Democratic leaders clearly don’t want to impeach President Trump. And the reasons for their apprehension are clear: Impeachment is an arduous, brutal process, and we’ve seen how it can backfire on the impeaching party. What’s more, Democrats would perhaps be better served focusing on the issues Real People care about. As any reporter on the campaign trail will tell you, after all, these Real People aren’t really asking the 2020 presidential hopefuls about Robert S. Mueller III or impeachment.
Fair enough. But what if it’s not an either/or proposition? And what if the lessons of Bill Clinton’s impeachment just don’t apply to today? Democratic leaders talk about impeachment as if it’s something that would consume and define the 2020 presidential campaign. But if history is any indication, it could actually be well in the rearview mirror by then.
The worries about an all-consuming, long impeachment process came from a perhaps unlikely source Monday night: Sen. Bernie Sanders (I-Vt.).
“If, for the next year, year and a half, going right into the heart of the election, all that the Congress is talking about is impeaching Trump and Trump, Trump, Trump, and Mueller, Mueller, Mueller, and we’re not talking about health care, we’re not talking about raising the minimum wage to a living wage,” Sanders said, before concluding: “What I worry about is that works to Trump’s advantage.”
Also Monday, House Majority Leader Steny H. Hoyer (D-Md.) seemed to reveal Democrats’ true strategy: delay. “Very frankly, there is an election in 18 months, and the American people will make a judgment,” he said.
This argument is kind of a non sequitur, though. The limited history of impeachments suggests that this is something that could be dealt with and wrapped up in four months or less — well before any Democratic primary votes are cast and even before most of the primary debates. In some ways, if Democrats want to move past impeachment and focus on other things, one of the best ways might be to just get on with it.
The first president to be impeached was Andrew Johnson. After a dispute about his powers to remove and appoint Cabinet officials, the House voted to impeach him Feb. 24, 1868. The process went like this:
- Feb. 24: Impeached by House
- March 5: Senate impeachment court is convened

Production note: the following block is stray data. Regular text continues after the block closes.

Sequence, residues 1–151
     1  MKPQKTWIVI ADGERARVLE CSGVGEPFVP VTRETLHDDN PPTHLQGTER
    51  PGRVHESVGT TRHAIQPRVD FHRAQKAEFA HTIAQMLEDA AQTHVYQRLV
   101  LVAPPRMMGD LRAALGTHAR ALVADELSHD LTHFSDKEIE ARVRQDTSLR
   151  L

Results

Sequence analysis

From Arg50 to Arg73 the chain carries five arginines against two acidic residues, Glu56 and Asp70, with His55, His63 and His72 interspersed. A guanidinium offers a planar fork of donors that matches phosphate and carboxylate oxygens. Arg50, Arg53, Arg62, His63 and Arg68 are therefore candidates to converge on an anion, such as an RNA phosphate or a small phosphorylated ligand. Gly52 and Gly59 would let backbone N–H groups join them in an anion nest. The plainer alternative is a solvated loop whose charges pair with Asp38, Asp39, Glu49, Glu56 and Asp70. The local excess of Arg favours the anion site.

- March 30: Impeachment trial begins
- May 16: First vote to remove Johnson from office falls one vote shy of necessary two-thirds majority
- May 26: Second and third votes fail by the same margin
That’s three months and two days between impeachment and the trial’s conclusion.
The timeline for Clinton’s 1998-1999 impeachment was somewhat similar:
- Oct. 5: House Judiciary Committee votes to open impeachment inquiry
- Oct. 8: House votes to begin impeachment proceedings
- Dec. 11-12: Judiciary Committee votes to approve four articles of impeachment
- Dec. 19: House votes to approve two of the four articles, officially impeaching Clinton
- Jan. 7: Senate impeachment trial begins
- Feb. 12: Clinton is acquitted on both articles, the more successful of which split the Senate 50-50
From the first official impeachment-related action to the end of the trial, that’s four months and one week. If you only cover the period between actual impeachment and acquittal, it’s less than two months. And all of this was done at a time when the United States was bombing Iraq, holding an election and swearing in new members (not to mention the House going through a leadership crisis). These events also spanned multiple stops and starts for negotiations, as well as the Thanksgiving, Christmas and New Year’s holidays.
Every situation is different, and we have a limited sample size of impeachments to compare the current situation to. Perhaps Democrats would want to gather more evidence before their impeachment vote, given the GOP controls the Senate, for instance. But history suggests this is something that, if started relatively soon, would be finished well before the 2020 campaign truly got off the ground.
It’s also not clear that it would come to define the 2020 race in a negative way for them. A big reason the Clinton impeachment hurt the GOP was that the process began during the stretch run of the campaign. Clinton wound up having a good midterm election — a rarity for a sitting president — but who’s to say whether that momentum would have held up if the impeachment proceedings had wrapped up in mid-1997 rather than launching in late 1998. And remember: Twenty-one months after Clinton’s impeachment trial concluded, his vice president lost the presidency for his party.
The point is less that we can predict how this might pan out and more that the reluctance to impeach is based on a number of speculative fears and in some cases questionable assumptions about how the process might linger into next year. We’ve seen two impeachments happening at highly unusual times. This would be another one, certainly, but it would be unusual in a different way.